Syria’s opposition council rejects West-backed plan

The conflict is likely to be won on the battlefield, not at the negotiating table

Beirut

A Western-backed initiative to form a new representative body for the Syrian opposition was thrown into doubt today as the Syrian National Council fought to cling to its position. Meanwhile, car bomb attacks on the ground served as a stark reminder of the urgency of the task in hand.

Plans to forge a new opposition body incorporating more groups from inside the country's borders hit an obstacle as figures in the SNC, the main opposition umbrella group, voiced hostility to the initiative, said a Western diplomat present at discussions in the Qatari capital Doha.

In an attempt to bolster its beleaguered reputation, the SNC –criticised for being dominated by academics and exiles – instead announced it would broaden its ranks.

As the Syrian conflict looks increasingly likely to be fought and won on the battlefield rather than at the negotiating table, there have been growing calls for an opposition body that better represents the fractured fighting forces of the Free Syrian Army and local revolutionary councils.

The SNC is under pressure from the United States to cede to a larger council. US Secretary of State Hillary Clinton sharply criticised the group last week for being out of touch, as the Obama administration threw its weight behind what has been dubbed as the "Riad Seif" initiative, after the veteran opposition figure who helped to pen it.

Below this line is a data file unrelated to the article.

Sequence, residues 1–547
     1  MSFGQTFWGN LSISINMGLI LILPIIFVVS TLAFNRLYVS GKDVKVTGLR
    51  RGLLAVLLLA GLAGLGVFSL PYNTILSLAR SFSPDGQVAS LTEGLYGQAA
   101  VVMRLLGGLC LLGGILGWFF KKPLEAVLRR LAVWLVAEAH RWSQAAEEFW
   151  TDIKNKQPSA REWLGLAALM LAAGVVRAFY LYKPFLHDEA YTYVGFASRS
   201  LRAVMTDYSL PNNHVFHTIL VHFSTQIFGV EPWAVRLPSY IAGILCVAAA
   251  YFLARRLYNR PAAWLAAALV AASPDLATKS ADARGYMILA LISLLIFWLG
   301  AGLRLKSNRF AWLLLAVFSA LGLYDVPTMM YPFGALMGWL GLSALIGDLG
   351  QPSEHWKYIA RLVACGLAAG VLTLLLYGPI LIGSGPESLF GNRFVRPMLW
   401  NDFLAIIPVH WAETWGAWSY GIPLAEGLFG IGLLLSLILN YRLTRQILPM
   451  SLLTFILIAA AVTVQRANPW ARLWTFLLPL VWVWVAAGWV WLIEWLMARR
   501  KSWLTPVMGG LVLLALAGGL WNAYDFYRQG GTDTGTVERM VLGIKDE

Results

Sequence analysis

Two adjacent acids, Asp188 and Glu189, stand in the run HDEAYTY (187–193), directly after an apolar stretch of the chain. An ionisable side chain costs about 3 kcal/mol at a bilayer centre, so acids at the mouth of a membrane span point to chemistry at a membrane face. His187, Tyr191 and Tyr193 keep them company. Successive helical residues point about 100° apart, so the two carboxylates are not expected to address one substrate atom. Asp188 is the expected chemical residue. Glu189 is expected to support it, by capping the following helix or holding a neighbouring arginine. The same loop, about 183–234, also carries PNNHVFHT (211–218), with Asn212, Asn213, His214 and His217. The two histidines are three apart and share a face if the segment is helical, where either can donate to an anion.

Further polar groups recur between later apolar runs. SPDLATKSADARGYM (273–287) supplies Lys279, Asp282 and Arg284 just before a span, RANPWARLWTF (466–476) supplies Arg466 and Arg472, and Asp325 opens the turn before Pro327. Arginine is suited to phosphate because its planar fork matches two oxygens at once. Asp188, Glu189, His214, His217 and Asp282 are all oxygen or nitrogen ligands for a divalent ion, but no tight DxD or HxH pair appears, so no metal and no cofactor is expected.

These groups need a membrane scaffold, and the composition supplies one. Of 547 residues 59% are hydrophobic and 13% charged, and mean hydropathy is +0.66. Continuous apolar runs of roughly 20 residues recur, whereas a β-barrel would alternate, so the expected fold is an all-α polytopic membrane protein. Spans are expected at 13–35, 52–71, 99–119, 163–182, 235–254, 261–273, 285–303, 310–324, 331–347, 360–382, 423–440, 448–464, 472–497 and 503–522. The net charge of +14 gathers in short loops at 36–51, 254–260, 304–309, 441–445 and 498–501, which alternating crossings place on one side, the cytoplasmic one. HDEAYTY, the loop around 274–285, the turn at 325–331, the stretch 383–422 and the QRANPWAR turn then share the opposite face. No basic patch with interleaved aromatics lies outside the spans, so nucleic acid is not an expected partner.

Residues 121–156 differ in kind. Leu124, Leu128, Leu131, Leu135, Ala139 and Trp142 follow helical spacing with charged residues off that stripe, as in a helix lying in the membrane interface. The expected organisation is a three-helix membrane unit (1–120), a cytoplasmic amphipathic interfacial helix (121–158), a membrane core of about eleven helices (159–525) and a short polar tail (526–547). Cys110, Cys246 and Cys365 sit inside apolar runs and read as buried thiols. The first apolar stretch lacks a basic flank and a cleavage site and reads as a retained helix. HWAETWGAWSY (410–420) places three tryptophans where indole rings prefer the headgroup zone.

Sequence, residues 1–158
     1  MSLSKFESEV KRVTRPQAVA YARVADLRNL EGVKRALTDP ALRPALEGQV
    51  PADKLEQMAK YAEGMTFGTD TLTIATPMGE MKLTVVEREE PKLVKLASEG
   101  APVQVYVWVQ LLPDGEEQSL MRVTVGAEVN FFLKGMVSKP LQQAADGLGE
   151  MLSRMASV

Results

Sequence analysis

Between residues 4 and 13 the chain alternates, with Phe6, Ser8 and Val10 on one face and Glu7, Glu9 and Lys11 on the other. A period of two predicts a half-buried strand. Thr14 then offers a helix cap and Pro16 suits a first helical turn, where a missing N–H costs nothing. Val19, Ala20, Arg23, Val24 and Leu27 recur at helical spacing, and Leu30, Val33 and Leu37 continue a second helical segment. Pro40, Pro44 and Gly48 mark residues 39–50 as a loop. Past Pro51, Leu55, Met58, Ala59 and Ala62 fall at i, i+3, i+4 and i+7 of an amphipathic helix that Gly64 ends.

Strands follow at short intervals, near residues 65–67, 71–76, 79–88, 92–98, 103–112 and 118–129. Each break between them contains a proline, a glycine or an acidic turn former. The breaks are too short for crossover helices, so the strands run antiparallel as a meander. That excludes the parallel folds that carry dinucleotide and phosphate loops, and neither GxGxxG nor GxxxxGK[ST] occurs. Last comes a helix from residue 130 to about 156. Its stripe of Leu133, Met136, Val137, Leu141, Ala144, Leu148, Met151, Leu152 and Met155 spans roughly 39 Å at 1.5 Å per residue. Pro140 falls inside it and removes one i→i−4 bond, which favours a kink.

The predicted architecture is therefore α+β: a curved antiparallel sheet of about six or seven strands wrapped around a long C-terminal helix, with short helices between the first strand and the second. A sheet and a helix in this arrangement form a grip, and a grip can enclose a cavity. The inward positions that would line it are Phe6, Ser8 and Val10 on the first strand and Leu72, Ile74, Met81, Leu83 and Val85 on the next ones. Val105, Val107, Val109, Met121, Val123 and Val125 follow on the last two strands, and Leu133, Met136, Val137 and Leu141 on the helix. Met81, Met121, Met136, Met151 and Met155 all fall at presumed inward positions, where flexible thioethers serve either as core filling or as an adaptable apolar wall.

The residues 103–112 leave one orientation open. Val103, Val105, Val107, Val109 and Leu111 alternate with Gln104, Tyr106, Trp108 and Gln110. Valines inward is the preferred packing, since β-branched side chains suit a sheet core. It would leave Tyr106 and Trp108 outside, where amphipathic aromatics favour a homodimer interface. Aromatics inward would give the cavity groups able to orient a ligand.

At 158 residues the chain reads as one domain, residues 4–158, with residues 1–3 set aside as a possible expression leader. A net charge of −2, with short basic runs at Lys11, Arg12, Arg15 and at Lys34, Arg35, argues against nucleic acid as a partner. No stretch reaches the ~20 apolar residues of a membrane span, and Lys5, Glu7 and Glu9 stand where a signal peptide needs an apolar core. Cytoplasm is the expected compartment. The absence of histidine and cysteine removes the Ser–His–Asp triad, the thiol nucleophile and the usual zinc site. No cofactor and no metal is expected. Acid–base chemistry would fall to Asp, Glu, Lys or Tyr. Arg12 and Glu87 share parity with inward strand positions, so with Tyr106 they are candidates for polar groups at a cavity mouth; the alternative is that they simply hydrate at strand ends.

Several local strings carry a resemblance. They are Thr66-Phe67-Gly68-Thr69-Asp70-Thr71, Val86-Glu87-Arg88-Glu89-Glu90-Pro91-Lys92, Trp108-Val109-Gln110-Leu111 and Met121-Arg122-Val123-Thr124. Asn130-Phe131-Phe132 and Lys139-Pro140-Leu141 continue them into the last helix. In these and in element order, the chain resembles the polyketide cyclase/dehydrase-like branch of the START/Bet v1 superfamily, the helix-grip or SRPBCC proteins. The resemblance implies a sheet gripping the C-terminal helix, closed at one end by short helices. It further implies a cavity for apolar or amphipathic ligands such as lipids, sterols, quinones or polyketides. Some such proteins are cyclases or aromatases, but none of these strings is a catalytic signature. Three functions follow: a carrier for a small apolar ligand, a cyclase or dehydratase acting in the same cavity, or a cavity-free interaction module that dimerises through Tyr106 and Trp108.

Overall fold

The initiative, which offers the SNC just 15 of the 50 seats on a new council, has been slammed by the group as an attempt to "sow the seeds of division and discord" and the fierce opposition has fuelled scepticism as to whether the plan can succeed.

"It's a big challenge and it's not clear yet if the Syrian opposition will reach a consensus," said the senior Western diplomat. "Bringing extra people into the SNC will not be enough to create legitimacy inside Syria. There must be a much more significant shake-up to change the way the opposition is viewed on the ground."

The SNC voted today to almost double its members to 420 and is expected to elect a new leader and executive committee before wider talks begin with other factions on Thursday – during which the new US-backed Syrian National Initiative will be mooted.

Western nations have indicated that a more inclusive and transparent opposition body would pave the way for increased non-lethal assistance, though much of the Syrian opposition argue that does not go far enough.

Meanwhile, Syria saw another day of bloodshed. A huge car bomb hit a state-run development agency in a village in the Hama province, with one monitoring group saying it had killed 50 of President Bashar al-Assad's security forces in what would be one of the bloodiest single strikes against the regime so far. However, the claims could not be immediately verified, and state media put the death toll at two.

Another bomb hit the affluent Mezzeh 86 area of Damascus, where many residents are members of Assad's Alawite sect, killing at 11 least people, according to state media. More than 30 were reportedly injured in the blast.

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